"You having trouble remembering where the glasses are?" She actually jumped at Alan's voice suddenly behind her. He followed her eyes. "Ah. I see. I can do better for you than that…" He opened a cabinet below and pulled out a thick album and handed it to her. "Hopefully that's the one with all the naked-in-the-tub pictures."

She laughed, guiltily grabbing a handful of glass stems. "One for you and one for me…do you think Charlie will want a glass of wine?"

"I think Charlie will want a beer since his brother can't have one, but we won't encourage him. Grab a third glass." He shook his head at simultaneous whoops from the next room. "You can bring that in the kitchen if you want, where it's quieter."

Robin hugged the album to her chest and followed him a little reluctantly back into the kitchen. She lined up the glasses. "Can I help with anything?"

"Hm? No - it's almost all ready. And honestly, I don't share the kitchen counter well. How is Donnie's arm - really?"

She flipped back the album cover. "To hear him tell it, he's ready to leap tall buildings with a single bound."

"Figures. He always seems so tough, doesn't he? Like everything rolls right off him. As though he's made of Kevlar." He tilted the bottle over her glass, then his own, and set it down. When he stayed there, unmoving, she glanced up questioningly and found his eyes on her. "He's not," he finished quietly.

She felt the color creep back into her cheeks. Faintly past the kitchen door she caught the sound of Don's laugh, followed by the answering murmur of Charlie's voice.

"I know," she whispered.

He studied her a moment longer, then took a sip of wine and gestured with his glass, his voice easy and conversational, but his face watchful. "That's something I admire about him - his courage. Oh, I don't mean the whole jump in front of bullets and bombs thing - sometimes I worry that's nothing more than a complete disregard for his own well being. No, I mean with relationships - the way he just keeps throwing himself into it, over and over. I was lucky - I met Margaret when I was young and that was it for me until the day she died. I'm not sure I could have done it - survived all the heartbreak and disappointment the way he does."

He turned back to the counter, as though nothing had passed between them.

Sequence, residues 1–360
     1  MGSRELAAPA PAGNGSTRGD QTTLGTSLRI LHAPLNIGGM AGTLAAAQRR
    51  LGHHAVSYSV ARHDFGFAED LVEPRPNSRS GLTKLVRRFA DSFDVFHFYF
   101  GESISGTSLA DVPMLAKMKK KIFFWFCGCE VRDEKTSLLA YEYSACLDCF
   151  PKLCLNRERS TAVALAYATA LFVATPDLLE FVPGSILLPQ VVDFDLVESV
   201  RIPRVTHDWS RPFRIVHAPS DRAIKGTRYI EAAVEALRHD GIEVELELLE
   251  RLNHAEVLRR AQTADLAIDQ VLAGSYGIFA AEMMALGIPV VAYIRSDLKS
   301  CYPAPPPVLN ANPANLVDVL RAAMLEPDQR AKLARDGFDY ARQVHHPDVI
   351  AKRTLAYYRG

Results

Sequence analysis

And here we go. She closed her eyes and swallowed hard. "Mr. Eppes - "


"Alan." She glanced toward the door, envisioning the living room beyond. She could curl up with Don there and avoid this whole thing.

But not forever. She took a deep breath. "Alan. Don - " she dropped her eyes to the album, lips curling up involuntarily at the sight of the tiny images captured there. "He - gets to me. Like - nobody has before. It scared me. I ran. I know I hurt him. I'm not proud of it."

Alan turned back to face her, waiting.

She flinched. Wonder if this is where Don learned his interrogation techniques. She forced herself to meet his eyes. "I always had this image of my future - who it would be with. I pictured…another attorney. A judge. Someone respectable. Tame. Manageable." Her lips puckered in a little smile and she met his eyes with a half-shy twinkle. "Your son is not these things."

A hint of amusement touched his face and he glanced toward the living room this time. "I'm aware."

She let her eyes fall again, smoothing a photo with her palm. "So I went looking for the future I'd always imagined."

"I see." He wasn't even pretending to be working on lunch now, his gaze almost painfully intense. "And did you find him? This tame, manageable man you'd always imagined?"

She took a gulp of wine and nodded. "I did."

That seemed to take him aback. "So where is he? What happened?"

She took another sip of wine. "Nothing." He watched her. "I mean, really nothing. I was so bored, I wanted to slit my own throat."

He chuckled.

"Don - " her eyes strayed to the door again. "I want to throttle him as often as I want to - " she broke off with a cough. Okay, she was NOT ready to talk to Don's father about THAT! "The point is, for all he exasperates me sometimes, he has never, ever bored me. Not even for a minute."

Alan swirled the wine in his glass. "Well, I can certainly relate to that." He took a swallow. "So where does that leave things?"

"I don't know," she said honestly. "It's not just up to me. It's up to Don, too."

"Fair enough." He picked up the knife he had abandoned on the cutting board.

"But if you're asking me whether or not I'm woman enough to ride it out…" she shrugged. "I don't know. My plan is to find out."

He stood, balancing the knife in one hand as though he couldn't remember why he had it. Then he gave a small nod, his whole face softening into a broad, close-lipped smile. "Good luck."

Somehow, it didn't sound like a crack. It sounded sincere.

" - chips, but don't you mess with that remote!"